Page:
Automated installation
OpenShift 4 supports an innovative installation approach that is automated, reliable, and repeatable.12 Additionally, the OpenShift 4 installation process supports full stack automated deployments and can handle installing the complete infrastructure, including components like DNS and the VM.
Automated operating system and OpenShift platform updates
OpenShift is tightly integrated with the lightweight RHEL CoreOS operating system, which itself is optimized for running OpenShift and cloud native applications. Thanks to the tight coupling of OpenShift with a specific version of RHEL CoreOS, the OpenShift platform is able to manage updating the operating system as part of its cluster management operations. The key value of this approach for IT operations is that it supports automated, self-managing, over-the-air updates. This enables OpenShift to support cloud native and hands-free operations.
Automated cluster size management
OpenShift supports the ability to automatically increase or decrease the size of the cluster it is managing. Like all Kubernetes clusters, an OpenShift cluster has a certain number of worker nodes on which the container applications are deployed. In a typical Kubernetes cluster, adding worker nodes is an out-of-band operation that IT operations must handle manually. In contrast, OpenShift provides a component called the machine operator that is capable of automatically adding worker nodes to a cluster. An IT operator can use a MachineSet object to declare the number of machines needed by the cluster, and OpenShift will automatically perform the provisioning and installation of new worker nodes to achieve the desired state.
Automated cluster version management
OpenShift, like all Kubernetes distributions, is composed of a large number of components. Each of these components has its own version number. To manage updating each of these components, OpenShift relies on a Kubernetes innovation called the operator construct. OpenShift uses a cluster version number to identify which version of OpenShift is running, and this cluster version number denotes which versions of the individual OpenShift platform components need to be installed. With its automated cluster version management, OpenShift is able to install the proper versions of all these components automatically to ensure that it is properly updated when the cluster is updated to a new version.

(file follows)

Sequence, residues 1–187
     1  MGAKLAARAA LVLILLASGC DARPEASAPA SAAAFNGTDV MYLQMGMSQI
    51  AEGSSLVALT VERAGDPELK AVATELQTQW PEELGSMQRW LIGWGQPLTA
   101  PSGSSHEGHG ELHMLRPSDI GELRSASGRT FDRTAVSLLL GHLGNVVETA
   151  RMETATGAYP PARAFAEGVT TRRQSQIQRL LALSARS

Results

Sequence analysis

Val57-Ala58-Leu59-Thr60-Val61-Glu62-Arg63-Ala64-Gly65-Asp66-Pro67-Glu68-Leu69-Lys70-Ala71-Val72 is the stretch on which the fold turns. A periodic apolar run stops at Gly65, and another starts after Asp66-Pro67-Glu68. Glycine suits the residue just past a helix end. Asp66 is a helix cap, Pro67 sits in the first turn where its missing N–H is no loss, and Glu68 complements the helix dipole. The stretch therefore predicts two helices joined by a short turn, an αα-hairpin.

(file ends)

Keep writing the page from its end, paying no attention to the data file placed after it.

Multicloud management support
Many enterprise customers that use OpenShift have multiple clusters, and these clusters are deployed across multiple clouds or in multiple data centers. To simplify the management of multiple clusters, OpenShift 4 has introduced a new unified cloud console that allows customers to view and manage multiple OpenShift clusters.13

As we will see later in this book, OpenShift and the capabilities it provides become extremely prominent when it’s time to run in production and IT operators need to address operational and security-related concerns.


In this chapter, we gave an overview of Kubernetes and OpenShift, including the historical origins of both platforms. We then presented the key benefits provided by both Kubernetes and OpenShift that have driven the huge growth in popularity of these platforms. This has helped us have a greater appreciation for the value that Kubernetes and OpenShift provide to cloud native application developers and IT operations teams. Thus, it is no surprise that these platforms are experiencing explosive growth across a variety of industries. In Chapter 2, we will build a solid foundational overview of Kubernetes and OpenShift that presents the Kubernetes architecture, discusses how to get Kubernetes and OpenShift production environments up and running, and introduces several key Kubernetes and OpenShift concepts that are critical to running successfully in production.

1 Brendan Burns et al., “Borg, Omega, and Kubernetes: Lessons Learned from Three Container-Management Systems over a Decade,” ACM Queue 14 (2016): 70–93,

2 Brendan Burns et al., “Borg, Omega, and Kubernetes: Lessons Learned from Three Container-Management Systems over a Decade,” ACM Queue 14 (2016): 70–93,

3 Steven J. Vaughan-Nicholls, “Cloud Native Computing Foundation Seeks to Forge Cloud and Container Unity,” ZDNet (July 21, 2015),

4 Linux Foundation, CNCF Charter (updated December 10, 2018),

5 The CNCF Members page provides more details on membership growth of the CNCF.

6 See the Kubernetes Companies Table Dashboard for a current list.

7 Joe Fernandes, “Why Red Hat Chose Kubernetes for OpenShift,” Red Hat OpenShift Blog (November 7, 2016),

8 Anton McConville and Olaph Wagoner, “A Brief History of Kubernetes, OpenShift, and IBM,” IBM Developer Blog (August 1, 2019),

9 “Red Hat Delivers OpenShift Enterprise 3 to Power a New Web-Scale Distributed Application Platform” [press release], Red Hat (June 24, 2015),

10 For more details on OpenShift routes, please see Using Route-Based Deployment Strategies in the OpenShift documentation.

11 Joe Fernandes, “Introducing Red Hat OpenShift 4: Kubernetes for the Enterprise,” Red Hat OpenShift Blog (May 8, 2019),

12 Christian Hernandez, “OpenShift 4.1 Bare Metal Install Quickstart,” Red Hat OpenShift Blog (July 31, 2019),

13 Fernandes, “Introducing Red Hat OpenShift 4: Kubernetes for the Enterprise.”